Successful trading requires a focus on the risks you accept in pursuit of profits. Diversification is usually considered to be one of the best ways to reduce risk.
Many investors hold stocks and bonds believing that when stocks fall, bonds should go up because investors will sell the riskier asset (stocks) while seeking the relative safety of bonds.
More sophisticated strategies add gold, real estate, currencies and other asset classes in pursuit of diversification.
Using trading strategies to time buys and sells of alternative investments could be a way to improve results, and right now, we have a chart pattern saying “buy” in an asset that could diversify your portfolio while taking advantage of a downtrend that has lasted for nearly 100 years.
Many traders are familiar with charts like the one shown below that indicates the U.S. dollar has lost more than 95% of its purchasing power since 1913, the first year that data is available.
One way to take advantage of this trend is to go short U.S. dollars, a trade that can easily be completed in the foreign exchange market. This trade can also be completed by buying CurrencyShares Euro Trust (NYSE: FXE), which is long the euro and, in effect, short the dollar. FXE appears to be completing a bottoming pattern that looks like a cup-and-handle formation and offers the potential for a long-term gain of about 12%.
Using the recent lows in the handle formation near $127 as a stop-loss level, risk should be limited to less than 3%, including commission costs and slippage. This makes FXE a trade with an exceptionally attractive reward-to-risk ratio of about 4:1.
Based solely on the news, this may not seem like the best time to buy the euro. But currency trades are always relative to another currency, and the euro has been stronger than the dollar recently.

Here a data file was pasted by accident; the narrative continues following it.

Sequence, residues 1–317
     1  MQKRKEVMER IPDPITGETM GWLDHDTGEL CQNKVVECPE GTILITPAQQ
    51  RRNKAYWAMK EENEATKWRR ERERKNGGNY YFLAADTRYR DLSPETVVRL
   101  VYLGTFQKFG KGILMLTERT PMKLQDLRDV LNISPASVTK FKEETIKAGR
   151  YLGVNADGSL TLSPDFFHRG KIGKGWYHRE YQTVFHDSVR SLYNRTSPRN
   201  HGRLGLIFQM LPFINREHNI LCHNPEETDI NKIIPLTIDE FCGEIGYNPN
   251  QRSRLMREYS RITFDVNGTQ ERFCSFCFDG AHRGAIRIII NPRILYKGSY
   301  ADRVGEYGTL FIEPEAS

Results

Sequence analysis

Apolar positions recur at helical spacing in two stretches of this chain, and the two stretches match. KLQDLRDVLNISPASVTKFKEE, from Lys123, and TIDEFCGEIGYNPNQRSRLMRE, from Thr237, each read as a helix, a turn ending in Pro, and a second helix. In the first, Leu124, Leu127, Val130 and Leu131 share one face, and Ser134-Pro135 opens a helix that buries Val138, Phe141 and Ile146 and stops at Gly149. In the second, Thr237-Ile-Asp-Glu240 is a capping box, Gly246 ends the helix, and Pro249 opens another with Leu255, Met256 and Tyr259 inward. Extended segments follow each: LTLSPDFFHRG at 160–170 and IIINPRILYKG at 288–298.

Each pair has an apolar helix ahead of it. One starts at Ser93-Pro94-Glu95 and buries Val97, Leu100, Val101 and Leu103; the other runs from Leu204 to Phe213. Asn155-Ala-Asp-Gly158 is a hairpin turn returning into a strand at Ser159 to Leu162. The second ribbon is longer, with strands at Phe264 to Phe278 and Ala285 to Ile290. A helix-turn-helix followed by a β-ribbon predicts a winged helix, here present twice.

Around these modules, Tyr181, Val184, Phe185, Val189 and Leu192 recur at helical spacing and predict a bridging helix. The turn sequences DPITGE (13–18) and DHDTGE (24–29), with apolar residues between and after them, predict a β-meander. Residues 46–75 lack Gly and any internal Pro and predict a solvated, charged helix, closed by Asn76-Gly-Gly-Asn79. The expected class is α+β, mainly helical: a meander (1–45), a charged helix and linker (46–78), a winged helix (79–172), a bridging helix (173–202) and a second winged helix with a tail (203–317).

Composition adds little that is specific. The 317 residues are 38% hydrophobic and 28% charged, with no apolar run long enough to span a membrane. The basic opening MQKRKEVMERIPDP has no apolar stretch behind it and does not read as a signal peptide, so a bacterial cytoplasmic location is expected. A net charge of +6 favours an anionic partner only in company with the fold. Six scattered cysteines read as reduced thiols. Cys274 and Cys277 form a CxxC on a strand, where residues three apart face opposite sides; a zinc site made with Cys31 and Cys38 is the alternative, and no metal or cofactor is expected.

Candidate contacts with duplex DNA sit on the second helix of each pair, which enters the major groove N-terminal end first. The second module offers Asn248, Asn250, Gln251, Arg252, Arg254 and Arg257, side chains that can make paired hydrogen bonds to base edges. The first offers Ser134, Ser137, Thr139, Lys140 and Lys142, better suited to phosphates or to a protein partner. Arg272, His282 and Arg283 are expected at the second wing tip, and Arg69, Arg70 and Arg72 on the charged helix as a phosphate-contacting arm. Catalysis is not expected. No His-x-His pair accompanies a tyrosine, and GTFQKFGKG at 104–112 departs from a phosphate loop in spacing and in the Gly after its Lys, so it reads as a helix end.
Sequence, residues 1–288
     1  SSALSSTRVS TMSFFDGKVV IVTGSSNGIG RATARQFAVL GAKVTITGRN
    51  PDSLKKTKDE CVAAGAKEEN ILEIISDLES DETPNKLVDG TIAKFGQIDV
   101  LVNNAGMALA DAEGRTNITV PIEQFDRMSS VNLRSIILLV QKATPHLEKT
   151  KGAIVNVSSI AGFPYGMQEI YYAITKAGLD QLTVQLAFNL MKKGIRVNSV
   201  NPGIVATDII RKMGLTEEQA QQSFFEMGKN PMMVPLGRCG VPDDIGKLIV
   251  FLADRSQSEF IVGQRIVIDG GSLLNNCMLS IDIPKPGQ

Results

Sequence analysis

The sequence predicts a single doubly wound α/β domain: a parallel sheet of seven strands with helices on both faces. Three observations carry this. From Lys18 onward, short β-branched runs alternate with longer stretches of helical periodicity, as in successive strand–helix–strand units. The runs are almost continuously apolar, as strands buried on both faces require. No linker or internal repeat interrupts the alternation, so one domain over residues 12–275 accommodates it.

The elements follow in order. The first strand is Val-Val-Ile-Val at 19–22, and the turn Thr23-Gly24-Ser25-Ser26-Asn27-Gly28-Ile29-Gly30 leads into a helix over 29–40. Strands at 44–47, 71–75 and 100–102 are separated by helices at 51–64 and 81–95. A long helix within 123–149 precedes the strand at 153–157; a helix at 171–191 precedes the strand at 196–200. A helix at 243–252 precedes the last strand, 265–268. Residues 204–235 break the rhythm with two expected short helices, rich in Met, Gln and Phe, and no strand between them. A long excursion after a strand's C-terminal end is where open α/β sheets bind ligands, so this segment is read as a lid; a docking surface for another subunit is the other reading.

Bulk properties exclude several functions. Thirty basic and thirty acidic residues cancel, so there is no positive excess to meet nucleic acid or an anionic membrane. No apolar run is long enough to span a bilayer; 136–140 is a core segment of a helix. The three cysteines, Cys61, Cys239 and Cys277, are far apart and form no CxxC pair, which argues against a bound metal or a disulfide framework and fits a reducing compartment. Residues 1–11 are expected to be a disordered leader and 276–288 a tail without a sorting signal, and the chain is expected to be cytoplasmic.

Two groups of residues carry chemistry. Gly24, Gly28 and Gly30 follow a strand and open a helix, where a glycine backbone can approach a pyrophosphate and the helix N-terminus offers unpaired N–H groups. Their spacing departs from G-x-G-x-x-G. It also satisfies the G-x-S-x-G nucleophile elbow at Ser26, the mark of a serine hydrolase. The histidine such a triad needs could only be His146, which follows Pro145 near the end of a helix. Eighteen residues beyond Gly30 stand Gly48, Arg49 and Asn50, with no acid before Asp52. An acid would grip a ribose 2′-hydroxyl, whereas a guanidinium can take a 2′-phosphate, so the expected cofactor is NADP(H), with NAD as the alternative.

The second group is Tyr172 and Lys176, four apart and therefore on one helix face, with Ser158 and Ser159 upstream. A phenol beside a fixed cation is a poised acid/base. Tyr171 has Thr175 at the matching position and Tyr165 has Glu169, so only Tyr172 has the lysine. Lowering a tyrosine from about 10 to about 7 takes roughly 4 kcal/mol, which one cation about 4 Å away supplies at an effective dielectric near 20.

This is shown in the next chart, which plots the relative strength (RS) of the euro in a point-and-figure (P&F) format. A P&F chart ignores time, which makes it easier to see the direction of the trend.
The column of Xs on the right side of the chart shows that the euro is a better long trade now than the dollar. The Xs are used to show an uptrend and Os mark declines. Small changes in RS are ignored, and a switch to a new column is only made after the trend reversal is confirmed.
This type of chart is useful when we see a small price consolidation like the handle in the chart of FXE. If the RS trend is up, like it is now, we should expect to see prices move higher.
The euro’s strength may only mean that it is less weak than the dollar. Some analysts have said that currencies around the world are in a race to the bottom as nearly all developed countries are using stimulus programs in an effort to generate economic growth. The European Central Bank is doing just that, and that may lead to a long-term drop in purchasing power for European consumers. However, for investors looking to profit from the dollar’s decline, the euro seems to be the best currency to accomplish that objective.
One reason many traders overlook currencies is because the price moves tend to evolve slowly. While FXE could be set up to provide a 12% gain, based on the length of time it took to form the pattern, it is reasonable to assume that it will require at least six months to reach that target.
Options can be used to increase the gains on a percentage basis, but it will still require time for the price move to unfold. An advantage of options is that they allow traders to commit smaller amounts of money to the position.
Options expiring in June should allow enough time for FXE to meet the objective based on the chart pattern. Call options with a strike price of $138 are trading for about $0.75. If FXE reaches the price target of $144, these calls would have an intrinsic value of $6 and the potential gain for traders buying at $0.75 is 700%. If no stop-loss is entered, the potential risk is 100%, but the dollar amount risked ($75 per hundred shares) is less than the amount risked to take the trade with the ETF.
FXE can help traders diversify their dollar-based investment portfolios. This trade could take months to develop, and call options may be the best way to benefit from the potential strength of the euro because they require only a small amount of trading capital.
– Michael J. Carr & Amber Hestla
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Source: Trade of the Week